European Central Bank releases first CBDC progress update

The European Central Bank (ECB) released its first progress report on developing a central bank digital currency (CBDC) in a June 24 update.

Privacy provisions were a main focus, with the ECB promising pseudonymization, hashing functions, and encryption features as bulwarks against tracking individuals by transaction.

Additionally, under the ECB’s CBDC framework, payment service providers cannot use consumer financial data for commercial services without first obtaining explicit consent from the individual who generated that financial data.

Methods for conducting offline transactions were also outlined. The update briefly touched on providing support for offline transactions directly between parties without needing a third-party intermediary. These payments would be settled directly on the payment devices employed by users on smartphones and yet-to-be “smart cards” that may be battery-powered or rely on bridging relays to synchronize transactions to the CBDC blockchain.

The cover page for the ECB’s first CBDC progress report. Source: European Central Bank.

The report concluded by providing a time horizon for the newly established “Rulebook Development Group” to finalize the first draft of its technical and regulatory CBDC framework. According to the ECB, the Rulebook Development Group will deliver its final first draft by the end of 2024 after consulting with service providers, infrastructure builders, and the general public.

Related: Iran to launch public CBDC pilot in June.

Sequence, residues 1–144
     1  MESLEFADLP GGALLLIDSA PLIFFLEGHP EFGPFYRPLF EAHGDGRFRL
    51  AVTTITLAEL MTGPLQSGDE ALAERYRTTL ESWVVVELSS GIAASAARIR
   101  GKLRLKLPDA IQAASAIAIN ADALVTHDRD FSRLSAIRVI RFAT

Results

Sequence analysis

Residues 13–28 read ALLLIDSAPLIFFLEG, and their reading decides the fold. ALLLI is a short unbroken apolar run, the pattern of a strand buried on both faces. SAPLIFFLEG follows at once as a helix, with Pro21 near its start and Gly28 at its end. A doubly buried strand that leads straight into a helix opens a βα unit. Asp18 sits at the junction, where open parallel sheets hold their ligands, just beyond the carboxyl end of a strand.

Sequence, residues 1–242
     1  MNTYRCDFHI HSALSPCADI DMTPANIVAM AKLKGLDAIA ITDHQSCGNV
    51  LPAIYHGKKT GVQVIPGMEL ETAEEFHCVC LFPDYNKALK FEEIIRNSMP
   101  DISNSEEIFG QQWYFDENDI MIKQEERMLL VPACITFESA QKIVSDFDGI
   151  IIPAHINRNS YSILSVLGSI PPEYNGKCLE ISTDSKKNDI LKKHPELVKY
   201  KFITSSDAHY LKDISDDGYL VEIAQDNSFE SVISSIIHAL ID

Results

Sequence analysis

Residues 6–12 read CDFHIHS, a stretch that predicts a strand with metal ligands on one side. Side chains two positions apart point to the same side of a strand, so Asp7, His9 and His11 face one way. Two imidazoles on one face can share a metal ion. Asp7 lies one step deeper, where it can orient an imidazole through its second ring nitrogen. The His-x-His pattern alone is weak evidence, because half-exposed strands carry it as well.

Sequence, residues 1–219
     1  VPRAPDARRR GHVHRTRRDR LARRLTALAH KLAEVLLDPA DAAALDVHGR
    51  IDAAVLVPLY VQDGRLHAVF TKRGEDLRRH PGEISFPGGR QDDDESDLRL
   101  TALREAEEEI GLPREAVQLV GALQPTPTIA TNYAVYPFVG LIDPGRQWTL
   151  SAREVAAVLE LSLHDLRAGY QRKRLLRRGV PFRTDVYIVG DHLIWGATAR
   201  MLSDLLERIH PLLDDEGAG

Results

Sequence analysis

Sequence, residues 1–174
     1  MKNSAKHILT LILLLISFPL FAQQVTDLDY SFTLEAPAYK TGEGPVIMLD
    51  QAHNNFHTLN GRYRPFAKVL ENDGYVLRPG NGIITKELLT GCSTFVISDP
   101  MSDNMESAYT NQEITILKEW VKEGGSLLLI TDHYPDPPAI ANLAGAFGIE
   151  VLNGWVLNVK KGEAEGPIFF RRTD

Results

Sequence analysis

The digital elephant in the room

Privacy issues and fundamental human liberty remain top concerns regarding the widespread use of central bank digital currencies, as anti-CBDC sentiment continues to grow within the crypto community.

During the recent Oslo Freedom Forum, speakers and attendees examined several instances where state actors unduly seized the assets of individuals to crush dissent. These examples were presented as just a taste of the control and government overreach posed by government-controlled blockchain currencies.

According to a 2023 report from Trezor, 73% of respondents expressed unease with privacy issues posed by a CBDC and the unparalleled control it would grant governments to control consumer behavior.

Critics argue these risks far outweigh the benefits of a CBDC when stablecoins are considered. This raises questions about the redundancy of central bank digital fiat and broader problems with CBDC adoption.

U.S. lawmakers take a stand

U.S. lawmakers and politicians are leading the charge against CBDCs. Former President Trump has vowed to prevent the implementation of a CBDC in the United States, a position that has increasingly fallen along party lines.

In May, the U.S. House of Representatives voted in favor of the “CBDC Anti-Surveillance State Act,” a bill highlighting the extreme dangers posed by centrally controlled digital money to liberty in open societies.

Magazine: The truth behind Cuba’s Bitcoin revolution: An on-the-ground report.

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